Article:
§ THE CHANCELLOR OF THE EXCHEQUER
, in moving—That the Orders of the Day subsequent to the Army Discipline and Regulation Bill be postponed until after the Notice of Motion for leave to bring in a Bill for promoting University Education in Ireland;said, he made the Motion in accordance with a promise which he had given the other evening to the hon. Member for Roscommon (the O'Conor Don), which was partly dictated by the consideration that the Government, by fixing a Bill of their own for a Morning Sitting, had prevented him from bringing forward his Bill on the occasion on which he would otherwise have done so. He (the Chancellor of the Exchequer) wished to take that opportunity of saying that the businesslike spirit in which the Army Discipline and Regulation Bill had been discussed encouraged the Government to hope that they would be able to make further progress with that measure that night; and he trusted that the House might be disposed to allow them to take a Morning Sitting to-morrow, in order to 404 go on with it, so that they might, if possible, get it through Committee before the House rose for the Whitsuntide Holidays.
§ MR. NEWDEGATE
asked the Chancellor of the Exchequer when he intended to take the Customs and Inland Revenue Bill? The House was aware that he had a Notice of some importance to be considered before the second reading of that Bill. He would also like to know when it was proposed to take the Criminal Code (Indictable Offences) Bill? At present it stood for Tuesday next; but it appeared to him impossible that the Government should propose to go on with it before the Whitsuntide Recess.
§ MR. KNATCHBULL-HUGESSEN
said, that having balloted with praiseworthy perseverence during the Session, he had obtained first place to-morrow for his Motion on the subject of Brewers' Licences, and he thought it rather hard that at the very last moment Notice of a Morning Sitting should be given, which placed him at a disadvantage. He hoped the Government would take steps to make and keep a House at the Evening Sitting.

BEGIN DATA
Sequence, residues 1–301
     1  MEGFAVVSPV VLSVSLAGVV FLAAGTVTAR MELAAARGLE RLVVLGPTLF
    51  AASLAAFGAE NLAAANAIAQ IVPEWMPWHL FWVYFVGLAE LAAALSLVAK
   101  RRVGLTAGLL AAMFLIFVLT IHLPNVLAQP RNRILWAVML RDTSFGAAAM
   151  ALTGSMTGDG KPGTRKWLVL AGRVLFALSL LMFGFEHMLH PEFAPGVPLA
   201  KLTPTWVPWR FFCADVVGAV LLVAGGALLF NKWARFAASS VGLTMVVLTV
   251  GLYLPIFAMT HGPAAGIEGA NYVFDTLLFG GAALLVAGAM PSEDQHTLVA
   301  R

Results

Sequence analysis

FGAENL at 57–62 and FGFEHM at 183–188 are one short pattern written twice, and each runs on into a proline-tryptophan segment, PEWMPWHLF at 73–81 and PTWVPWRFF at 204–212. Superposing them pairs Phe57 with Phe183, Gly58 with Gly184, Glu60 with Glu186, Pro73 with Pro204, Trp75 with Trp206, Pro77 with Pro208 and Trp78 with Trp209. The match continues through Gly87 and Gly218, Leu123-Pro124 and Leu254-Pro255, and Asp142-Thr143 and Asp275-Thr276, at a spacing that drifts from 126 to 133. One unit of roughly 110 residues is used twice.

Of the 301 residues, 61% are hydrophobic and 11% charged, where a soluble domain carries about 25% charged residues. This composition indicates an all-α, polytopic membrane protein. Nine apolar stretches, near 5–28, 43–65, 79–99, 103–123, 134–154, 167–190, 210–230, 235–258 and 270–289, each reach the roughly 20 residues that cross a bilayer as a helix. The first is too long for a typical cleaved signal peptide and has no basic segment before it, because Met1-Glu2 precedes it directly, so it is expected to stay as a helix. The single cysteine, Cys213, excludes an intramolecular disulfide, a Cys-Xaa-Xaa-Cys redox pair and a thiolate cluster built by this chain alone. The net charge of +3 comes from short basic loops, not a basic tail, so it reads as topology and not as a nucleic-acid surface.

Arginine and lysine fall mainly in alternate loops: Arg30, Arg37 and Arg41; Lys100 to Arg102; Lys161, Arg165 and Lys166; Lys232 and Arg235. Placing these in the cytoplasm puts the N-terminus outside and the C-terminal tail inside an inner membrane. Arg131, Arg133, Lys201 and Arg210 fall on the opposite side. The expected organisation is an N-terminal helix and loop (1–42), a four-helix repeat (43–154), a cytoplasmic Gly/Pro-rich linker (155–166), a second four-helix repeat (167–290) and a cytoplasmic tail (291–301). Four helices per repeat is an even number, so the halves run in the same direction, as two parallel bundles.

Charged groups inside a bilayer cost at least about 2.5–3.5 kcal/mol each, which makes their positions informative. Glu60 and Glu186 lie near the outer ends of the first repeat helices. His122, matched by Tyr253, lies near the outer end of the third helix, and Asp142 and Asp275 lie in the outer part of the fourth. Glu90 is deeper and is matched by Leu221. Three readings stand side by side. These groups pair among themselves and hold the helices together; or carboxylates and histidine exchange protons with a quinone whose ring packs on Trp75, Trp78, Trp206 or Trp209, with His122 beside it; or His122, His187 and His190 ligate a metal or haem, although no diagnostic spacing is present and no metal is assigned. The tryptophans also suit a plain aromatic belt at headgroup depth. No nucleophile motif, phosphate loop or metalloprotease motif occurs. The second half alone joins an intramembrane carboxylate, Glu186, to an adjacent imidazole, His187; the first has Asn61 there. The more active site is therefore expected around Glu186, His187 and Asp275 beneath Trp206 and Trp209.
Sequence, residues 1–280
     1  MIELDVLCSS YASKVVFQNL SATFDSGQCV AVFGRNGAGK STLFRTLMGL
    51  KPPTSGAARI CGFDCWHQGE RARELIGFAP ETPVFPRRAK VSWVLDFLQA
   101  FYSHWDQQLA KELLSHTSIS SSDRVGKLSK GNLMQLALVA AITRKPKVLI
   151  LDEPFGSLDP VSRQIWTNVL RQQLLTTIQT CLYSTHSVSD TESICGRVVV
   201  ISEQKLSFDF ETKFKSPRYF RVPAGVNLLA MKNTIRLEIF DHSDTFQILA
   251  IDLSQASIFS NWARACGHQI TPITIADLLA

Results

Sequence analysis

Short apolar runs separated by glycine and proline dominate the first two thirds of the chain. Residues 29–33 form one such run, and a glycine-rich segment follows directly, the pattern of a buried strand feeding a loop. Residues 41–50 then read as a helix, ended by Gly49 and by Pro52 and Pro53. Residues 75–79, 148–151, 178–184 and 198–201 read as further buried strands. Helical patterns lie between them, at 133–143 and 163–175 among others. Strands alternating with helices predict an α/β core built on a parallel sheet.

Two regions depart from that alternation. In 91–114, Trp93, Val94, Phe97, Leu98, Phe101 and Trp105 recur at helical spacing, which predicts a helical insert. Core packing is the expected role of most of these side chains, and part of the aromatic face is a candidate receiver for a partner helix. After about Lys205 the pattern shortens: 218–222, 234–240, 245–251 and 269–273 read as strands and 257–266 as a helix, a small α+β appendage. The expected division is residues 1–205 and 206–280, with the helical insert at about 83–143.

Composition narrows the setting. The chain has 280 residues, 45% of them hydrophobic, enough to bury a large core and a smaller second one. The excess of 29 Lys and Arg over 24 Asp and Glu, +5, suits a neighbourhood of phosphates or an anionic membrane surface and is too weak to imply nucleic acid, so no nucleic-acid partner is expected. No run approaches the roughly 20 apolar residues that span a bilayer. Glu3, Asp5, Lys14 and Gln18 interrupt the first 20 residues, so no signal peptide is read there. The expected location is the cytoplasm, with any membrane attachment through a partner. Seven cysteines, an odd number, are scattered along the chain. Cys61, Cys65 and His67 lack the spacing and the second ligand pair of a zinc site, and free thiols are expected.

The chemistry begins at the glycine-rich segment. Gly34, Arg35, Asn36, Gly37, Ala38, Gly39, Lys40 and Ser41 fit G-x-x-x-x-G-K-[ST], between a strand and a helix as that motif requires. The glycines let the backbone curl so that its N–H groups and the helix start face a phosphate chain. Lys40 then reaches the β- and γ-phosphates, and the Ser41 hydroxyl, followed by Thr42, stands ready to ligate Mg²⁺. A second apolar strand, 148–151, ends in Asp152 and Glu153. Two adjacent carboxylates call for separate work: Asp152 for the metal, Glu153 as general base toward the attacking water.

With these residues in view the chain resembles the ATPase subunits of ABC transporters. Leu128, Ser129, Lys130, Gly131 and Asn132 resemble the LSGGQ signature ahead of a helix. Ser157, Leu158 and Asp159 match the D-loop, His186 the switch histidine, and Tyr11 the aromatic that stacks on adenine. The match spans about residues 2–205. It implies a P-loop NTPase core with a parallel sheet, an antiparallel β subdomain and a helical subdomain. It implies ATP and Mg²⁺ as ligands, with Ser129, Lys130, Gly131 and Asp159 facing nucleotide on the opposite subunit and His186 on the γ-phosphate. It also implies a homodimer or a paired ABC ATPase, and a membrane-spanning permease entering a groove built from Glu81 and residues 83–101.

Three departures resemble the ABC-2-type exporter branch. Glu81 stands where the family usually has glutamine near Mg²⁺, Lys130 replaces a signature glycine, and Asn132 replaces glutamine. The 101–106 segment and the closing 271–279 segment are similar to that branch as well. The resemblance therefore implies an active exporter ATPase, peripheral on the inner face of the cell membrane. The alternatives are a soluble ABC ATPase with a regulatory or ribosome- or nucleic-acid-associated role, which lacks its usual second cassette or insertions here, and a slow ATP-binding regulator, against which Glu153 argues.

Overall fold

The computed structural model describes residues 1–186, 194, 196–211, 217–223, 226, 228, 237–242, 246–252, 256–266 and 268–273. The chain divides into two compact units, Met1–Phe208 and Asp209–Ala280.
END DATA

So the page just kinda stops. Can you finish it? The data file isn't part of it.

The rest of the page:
§ SIR JULIAN GOLDSMID
called attention to the fact that it was only at the last moment the Government informed the House that they proposed to hold a Morning Sitting; and he would ask the Chancellor of the Exchequer whether, in future, it would not be possible for him to give some longer and more formal Notice with reference to the intention of the Government to hold Morning Sittings?
§ SIR ALEXANDER GORDON
hoped the Government would not put down the Army Discipline and Regulation Bill for the Morning Sitting. This was a Bill in which he had several important Amendments to propose; and as he was j also a Member of the Parliamentary Reporting Committee which would meet at 12 o'clock to draw up their Report, and this was also a subject in which lie took a great interest, he trusted the Government would not then take the Army Discipline and Regulation Bill.
§ MR. E. JENKINS
seconded the appeal of the hon. and gallant Gentleman, and pointed out the inconsistency of the reasons advanced by the Government for these Morning Sittings. Last year the Government excused themselves for taking early Morning Sittings because of the opposition offered to the Mutiny 405 Bill. This year they appeared to ask for it because of the business-like way in which the House had carried through the Business. Therefore, whether they opposed or facilitated Business, the Government seemed equally determined to have Morning Sittings.
§ MR. A. MILLS
considered the Army Discipline and Regulation Bill of much more importance than the question of Parliamentary Reporting, and he trusted the Chancellor of the Exchequer would proceed with it. He had himself a Notice on the Paper for to-morrow evening, but would willingly sacrifice it in order to promote Public Business.
§ MR. J. HOLMS
intimated that immediately the House got into Committee on the Army Discipline and Regulation Bill he should move that the Chairman do report Progress, in order that he might, in his humble judgment, save the time of the House by drawing the attention of the Committee to the real state in which they were in relation to that Bill. He thought it only fair and courteous to the House and the Government to state his intentions, and if the House wished, he would at once give his reasons for taking the step he proposed. [Cries of. "No," and "Goon."] He would state his reasons when the House was in Committee.